- Check the control inputs to the AVR. The AVR may not work correctly; if it is not receiving the correct input signal. Make sure the control signal is within the specified range.
- Check the reference voltage of the AVR. The reference voltage is used to control the output voltage of the AVR. Use a voltmeter to measure the reference voltage and ensure it is within specification.
- Check the excitation current of the AVR. The field current is used to control the output voltage of the AVR. Measure the field current with an ammeter to ensure it is within the specified range.
- f the AVR still does not work correctly, you may need to replace it. See your alternator manual for instructions on how to return the AVR.
If you are unable to troubleshoot your AVR, you can contact a BISON service technician.
What is the importance of an automatic voltage regulator in a generator?
An automatic voltage regulator maintains a constant voltage to the generator. The generator’s performance may be affected if the voltage is not supported.
Utilities, equipment, and machinery powered by generators may fail because sparks may occur due to unstable voltage.
The automatic voltage regulator ensures consistent load current, thus ensuring the life of the equipment. This helps to undo the damage caused by the volatility.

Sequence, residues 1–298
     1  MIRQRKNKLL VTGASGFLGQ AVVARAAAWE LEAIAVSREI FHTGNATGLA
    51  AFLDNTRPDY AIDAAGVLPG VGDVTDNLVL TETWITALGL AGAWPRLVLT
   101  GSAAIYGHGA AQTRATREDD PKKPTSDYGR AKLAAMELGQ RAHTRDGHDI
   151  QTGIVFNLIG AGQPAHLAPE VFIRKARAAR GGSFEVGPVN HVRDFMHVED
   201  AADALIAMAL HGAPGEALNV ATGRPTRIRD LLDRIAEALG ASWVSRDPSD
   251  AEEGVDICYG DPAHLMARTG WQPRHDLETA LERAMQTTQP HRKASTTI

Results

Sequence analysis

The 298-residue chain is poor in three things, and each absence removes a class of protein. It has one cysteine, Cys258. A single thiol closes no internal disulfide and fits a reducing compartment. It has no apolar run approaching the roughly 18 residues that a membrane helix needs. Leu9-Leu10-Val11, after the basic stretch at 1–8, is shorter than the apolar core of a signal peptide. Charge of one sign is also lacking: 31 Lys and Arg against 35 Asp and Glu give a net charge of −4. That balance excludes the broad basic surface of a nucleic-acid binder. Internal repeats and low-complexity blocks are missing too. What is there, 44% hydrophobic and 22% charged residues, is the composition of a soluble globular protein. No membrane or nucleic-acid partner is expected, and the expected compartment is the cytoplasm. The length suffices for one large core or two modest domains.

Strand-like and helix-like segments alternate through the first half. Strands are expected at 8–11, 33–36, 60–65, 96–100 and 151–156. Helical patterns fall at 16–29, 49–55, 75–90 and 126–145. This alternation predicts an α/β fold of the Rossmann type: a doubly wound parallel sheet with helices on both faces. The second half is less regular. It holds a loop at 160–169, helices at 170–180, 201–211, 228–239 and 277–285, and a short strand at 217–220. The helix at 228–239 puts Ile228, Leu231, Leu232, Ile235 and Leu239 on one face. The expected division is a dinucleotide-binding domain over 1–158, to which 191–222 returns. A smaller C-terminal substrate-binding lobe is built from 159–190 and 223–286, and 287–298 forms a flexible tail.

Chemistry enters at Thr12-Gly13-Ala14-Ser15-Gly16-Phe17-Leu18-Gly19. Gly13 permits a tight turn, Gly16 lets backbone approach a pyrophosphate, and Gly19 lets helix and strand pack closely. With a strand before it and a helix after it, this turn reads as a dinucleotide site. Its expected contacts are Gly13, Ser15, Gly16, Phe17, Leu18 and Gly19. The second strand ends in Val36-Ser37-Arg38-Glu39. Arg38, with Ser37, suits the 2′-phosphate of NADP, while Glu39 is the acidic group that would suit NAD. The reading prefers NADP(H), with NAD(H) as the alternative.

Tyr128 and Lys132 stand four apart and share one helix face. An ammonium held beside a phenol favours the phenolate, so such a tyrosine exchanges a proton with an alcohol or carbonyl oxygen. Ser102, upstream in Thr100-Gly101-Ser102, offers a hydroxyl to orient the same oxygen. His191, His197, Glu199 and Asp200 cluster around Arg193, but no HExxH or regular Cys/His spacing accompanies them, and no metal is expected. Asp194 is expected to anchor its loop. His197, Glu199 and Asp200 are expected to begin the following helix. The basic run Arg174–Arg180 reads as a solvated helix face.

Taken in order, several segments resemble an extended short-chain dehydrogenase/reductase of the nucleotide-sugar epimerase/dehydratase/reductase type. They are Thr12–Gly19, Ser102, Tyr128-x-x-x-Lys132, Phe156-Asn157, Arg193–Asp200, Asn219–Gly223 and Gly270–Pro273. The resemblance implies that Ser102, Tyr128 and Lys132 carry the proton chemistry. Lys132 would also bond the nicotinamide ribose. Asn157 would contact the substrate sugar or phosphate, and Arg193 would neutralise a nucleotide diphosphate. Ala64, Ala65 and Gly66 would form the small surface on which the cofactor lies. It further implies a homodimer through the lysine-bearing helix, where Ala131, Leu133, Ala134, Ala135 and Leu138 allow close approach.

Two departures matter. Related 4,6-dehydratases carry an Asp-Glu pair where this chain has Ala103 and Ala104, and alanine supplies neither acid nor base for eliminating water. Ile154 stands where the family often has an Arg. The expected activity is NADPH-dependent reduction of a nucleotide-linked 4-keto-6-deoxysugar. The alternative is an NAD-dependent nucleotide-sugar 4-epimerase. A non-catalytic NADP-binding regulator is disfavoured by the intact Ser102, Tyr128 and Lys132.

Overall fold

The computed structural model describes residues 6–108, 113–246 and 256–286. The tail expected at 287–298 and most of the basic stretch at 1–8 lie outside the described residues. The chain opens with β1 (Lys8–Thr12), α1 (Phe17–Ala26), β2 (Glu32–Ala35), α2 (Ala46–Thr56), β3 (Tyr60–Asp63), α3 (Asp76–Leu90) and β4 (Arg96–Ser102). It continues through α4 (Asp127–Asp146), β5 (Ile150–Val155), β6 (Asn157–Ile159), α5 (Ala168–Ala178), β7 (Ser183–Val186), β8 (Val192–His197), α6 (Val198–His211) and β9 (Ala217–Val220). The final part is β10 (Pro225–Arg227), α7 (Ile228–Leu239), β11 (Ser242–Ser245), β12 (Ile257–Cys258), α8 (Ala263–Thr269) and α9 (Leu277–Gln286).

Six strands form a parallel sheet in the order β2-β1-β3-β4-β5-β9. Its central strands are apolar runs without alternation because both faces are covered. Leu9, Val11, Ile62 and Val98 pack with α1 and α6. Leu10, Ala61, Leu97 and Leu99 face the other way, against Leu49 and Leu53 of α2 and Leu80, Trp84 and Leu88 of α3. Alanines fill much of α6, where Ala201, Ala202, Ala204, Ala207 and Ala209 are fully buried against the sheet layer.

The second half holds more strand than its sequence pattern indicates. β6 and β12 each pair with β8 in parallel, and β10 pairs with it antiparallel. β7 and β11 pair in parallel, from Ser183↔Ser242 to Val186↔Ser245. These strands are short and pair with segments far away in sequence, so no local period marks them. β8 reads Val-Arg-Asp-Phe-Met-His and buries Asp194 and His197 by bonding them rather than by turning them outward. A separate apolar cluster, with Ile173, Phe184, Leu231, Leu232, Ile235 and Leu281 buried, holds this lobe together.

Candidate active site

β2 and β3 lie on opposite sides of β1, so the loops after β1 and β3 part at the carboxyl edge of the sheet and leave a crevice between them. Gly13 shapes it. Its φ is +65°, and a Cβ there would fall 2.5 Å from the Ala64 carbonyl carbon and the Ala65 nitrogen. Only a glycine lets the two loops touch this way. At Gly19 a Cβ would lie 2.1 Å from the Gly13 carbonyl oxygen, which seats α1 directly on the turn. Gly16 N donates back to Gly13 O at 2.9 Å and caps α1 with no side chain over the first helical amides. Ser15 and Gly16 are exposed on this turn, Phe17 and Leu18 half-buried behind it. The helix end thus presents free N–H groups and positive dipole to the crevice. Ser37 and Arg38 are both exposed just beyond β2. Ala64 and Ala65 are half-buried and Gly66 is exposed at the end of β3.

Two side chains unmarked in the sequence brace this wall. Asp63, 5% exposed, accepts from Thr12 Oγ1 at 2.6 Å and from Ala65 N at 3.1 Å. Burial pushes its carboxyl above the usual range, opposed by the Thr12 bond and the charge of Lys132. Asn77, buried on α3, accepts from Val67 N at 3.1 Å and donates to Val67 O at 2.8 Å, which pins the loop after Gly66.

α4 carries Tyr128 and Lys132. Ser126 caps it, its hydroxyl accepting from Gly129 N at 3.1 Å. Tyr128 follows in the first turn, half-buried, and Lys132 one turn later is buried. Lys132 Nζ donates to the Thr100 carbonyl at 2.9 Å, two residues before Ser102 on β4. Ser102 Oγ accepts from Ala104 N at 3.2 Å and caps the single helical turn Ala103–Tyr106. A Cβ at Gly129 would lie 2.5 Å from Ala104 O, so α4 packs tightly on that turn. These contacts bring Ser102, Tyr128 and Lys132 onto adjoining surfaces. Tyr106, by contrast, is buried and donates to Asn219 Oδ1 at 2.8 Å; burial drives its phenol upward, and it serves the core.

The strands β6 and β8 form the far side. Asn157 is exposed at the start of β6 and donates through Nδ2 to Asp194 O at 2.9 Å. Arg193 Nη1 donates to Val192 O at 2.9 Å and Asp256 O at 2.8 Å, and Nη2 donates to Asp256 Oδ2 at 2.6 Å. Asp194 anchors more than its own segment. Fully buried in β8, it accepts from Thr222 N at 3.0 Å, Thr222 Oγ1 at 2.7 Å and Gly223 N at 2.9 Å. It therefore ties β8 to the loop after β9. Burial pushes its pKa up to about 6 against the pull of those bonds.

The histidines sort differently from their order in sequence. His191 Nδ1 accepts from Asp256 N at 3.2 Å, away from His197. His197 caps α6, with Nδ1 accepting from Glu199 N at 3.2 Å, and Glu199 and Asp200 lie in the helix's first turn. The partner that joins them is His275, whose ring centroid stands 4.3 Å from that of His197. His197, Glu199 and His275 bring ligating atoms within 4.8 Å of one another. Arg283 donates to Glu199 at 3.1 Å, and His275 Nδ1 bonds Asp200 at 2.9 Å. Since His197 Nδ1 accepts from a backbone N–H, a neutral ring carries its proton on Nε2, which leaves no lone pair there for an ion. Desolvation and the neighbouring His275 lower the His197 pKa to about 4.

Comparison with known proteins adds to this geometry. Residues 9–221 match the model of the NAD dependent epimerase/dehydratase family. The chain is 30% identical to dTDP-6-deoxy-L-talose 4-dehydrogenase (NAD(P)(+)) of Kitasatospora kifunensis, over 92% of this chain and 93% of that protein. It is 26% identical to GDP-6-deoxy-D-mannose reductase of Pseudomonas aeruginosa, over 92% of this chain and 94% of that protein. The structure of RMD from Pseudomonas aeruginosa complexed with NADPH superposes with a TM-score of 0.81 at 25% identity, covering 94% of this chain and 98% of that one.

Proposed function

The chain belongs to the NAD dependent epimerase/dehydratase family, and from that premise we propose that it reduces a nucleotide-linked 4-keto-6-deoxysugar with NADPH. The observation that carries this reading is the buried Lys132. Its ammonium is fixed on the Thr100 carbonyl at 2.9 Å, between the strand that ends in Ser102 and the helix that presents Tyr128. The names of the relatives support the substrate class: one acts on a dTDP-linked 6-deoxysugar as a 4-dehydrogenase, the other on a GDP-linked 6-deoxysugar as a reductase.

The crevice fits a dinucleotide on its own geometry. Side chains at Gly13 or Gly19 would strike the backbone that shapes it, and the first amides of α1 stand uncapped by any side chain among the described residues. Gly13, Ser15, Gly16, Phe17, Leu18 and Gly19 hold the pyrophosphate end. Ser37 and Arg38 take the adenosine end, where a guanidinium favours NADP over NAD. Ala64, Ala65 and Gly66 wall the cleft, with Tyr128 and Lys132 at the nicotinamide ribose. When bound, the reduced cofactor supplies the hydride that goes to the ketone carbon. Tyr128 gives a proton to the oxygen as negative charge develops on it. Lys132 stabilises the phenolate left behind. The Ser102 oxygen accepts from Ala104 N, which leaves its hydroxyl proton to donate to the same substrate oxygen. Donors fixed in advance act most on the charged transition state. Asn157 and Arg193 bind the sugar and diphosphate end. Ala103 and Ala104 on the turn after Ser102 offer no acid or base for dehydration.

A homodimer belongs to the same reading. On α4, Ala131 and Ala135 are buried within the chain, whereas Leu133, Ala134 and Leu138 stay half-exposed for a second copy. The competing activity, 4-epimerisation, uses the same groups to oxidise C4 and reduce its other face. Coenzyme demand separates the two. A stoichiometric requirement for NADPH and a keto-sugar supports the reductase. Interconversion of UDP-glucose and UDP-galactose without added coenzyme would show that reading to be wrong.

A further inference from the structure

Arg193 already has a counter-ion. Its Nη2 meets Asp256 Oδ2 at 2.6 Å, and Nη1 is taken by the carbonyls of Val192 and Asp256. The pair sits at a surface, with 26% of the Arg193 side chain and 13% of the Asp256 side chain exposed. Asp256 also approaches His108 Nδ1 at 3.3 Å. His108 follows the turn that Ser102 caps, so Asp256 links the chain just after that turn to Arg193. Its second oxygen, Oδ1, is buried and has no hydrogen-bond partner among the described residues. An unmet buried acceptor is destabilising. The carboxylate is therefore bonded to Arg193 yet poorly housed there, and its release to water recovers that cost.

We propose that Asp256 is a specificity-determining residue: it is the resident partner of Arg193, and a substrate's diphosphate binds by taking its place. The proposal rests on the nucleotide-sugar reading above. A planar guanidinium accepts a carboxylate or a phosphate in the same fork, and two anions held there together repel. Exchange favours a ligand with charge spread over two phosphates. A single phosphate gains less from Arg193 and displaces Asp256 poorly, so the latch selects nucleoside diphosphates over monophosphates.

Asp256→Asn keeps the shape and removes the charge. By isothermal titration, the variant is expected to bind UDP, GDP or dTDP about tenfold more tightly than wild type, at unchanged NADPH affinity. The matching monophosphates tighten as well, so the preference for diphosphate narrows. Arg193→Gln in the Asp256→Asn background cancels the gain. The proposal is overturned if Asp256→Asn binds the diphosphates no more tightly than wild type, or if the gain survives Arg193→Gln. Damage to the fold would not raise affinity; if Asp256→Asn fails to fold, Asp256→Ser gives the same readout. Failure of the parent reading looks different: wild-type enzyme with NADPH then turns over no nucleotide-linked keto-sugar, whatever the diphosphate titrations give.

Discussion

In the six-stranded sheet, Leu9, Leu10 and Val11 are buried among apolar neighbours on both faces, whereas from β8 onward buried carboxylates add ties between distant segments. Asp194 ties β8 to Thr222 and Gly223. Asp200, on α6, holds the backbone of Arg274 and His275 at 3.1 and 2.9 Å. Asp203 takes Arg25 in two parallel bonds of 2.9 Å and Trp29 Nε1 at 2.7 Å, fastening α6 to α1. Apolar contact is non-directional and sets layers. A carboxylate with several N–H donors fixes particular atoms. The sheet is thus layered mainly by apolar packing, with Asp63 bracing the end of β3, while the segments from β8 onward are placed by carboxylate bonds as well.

A generator without a regulator cannot meet the power requirements. Because due to the upregulation, the voltage cannot be adequately distributed among the appliances. Therefore, the terminal voltage decreases over time as the load requirement increases.
How to replace an AVR for a diesel generator
To replace an automatic voltage regulator (AVR) in a diesel engine generator, you will need to perform the following steps:
- Please turn off the generator and disconnect it from any power source.
- Locate the AVR and remove any covers or cases to protect it.
- Disconnect the AVR’s wires and remove any mounting hardware holding it in place.
- Mount the new AVR in the same position and orientation as the old AVR and secure it with mounting hardware.
- Reconnect the wires to the new AVR, connecting them in the correct order and direction.